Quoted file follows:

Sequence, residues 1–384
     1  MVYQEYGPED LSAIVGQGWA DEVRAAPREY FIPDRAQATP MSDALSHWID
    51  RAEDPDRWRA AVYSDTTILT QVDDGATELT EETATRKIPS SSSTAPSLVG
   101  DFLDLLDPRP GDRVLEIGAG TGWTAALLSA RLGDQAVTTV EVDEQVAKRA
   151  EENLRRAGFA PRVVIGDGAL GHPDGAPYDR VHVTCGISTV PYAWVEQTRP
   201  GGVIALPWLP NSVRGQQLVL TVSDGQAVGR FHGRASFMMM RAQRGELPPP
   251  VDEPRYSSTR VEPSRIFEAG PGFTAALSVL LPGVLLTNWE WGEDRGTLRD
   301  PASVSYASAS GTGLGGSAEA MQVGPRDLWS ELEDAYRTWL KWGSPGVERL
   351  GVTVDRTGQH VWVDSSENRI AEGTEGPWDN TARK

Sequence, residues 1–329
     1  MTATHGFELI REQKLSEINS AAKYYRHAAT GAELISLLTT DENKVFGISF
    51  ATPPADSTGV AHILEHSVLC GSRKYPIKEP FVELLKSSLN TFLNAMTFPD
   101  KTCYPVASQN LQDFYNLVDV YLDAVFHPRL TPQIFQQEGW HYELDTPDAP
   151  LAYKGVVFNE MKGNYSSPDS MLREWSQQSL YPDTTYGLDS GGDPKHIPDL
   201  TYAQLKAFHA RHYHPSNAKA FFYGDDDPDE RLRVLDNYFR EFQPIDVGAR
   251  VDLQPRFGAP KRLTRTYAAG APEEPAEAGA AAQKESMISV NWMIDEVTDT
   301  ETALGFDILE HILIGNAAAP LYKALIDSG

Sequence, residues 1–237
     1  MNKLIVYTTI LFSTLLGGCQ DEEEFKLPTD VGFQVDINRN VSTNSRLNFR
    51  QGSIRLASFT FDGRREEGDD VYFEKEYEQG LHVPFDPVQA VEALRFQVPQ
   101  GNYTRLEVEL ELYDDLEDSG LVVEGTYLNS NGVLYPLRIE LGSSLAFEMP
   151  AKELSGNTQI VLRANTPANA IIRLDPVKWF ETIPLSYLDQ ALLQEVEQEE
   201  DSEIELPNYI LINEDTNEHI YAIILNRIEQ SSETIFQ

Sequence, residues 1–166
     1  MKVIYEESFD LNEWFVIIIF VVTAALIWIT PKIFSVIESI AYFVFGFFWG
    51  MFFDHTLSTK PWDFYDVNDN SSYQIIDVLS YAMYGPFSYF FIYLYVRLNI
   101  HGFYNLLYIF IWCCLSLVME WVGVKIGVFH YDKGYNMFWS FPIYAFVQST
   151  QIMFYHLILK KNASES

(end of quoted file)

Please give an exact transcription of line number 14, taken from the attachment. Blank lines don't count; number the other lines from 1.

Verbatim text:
   151  LAYKGVVFNE MKGNYSSPDS MLREWSQQSL YPDTTYGLDS GGDPKHIPDL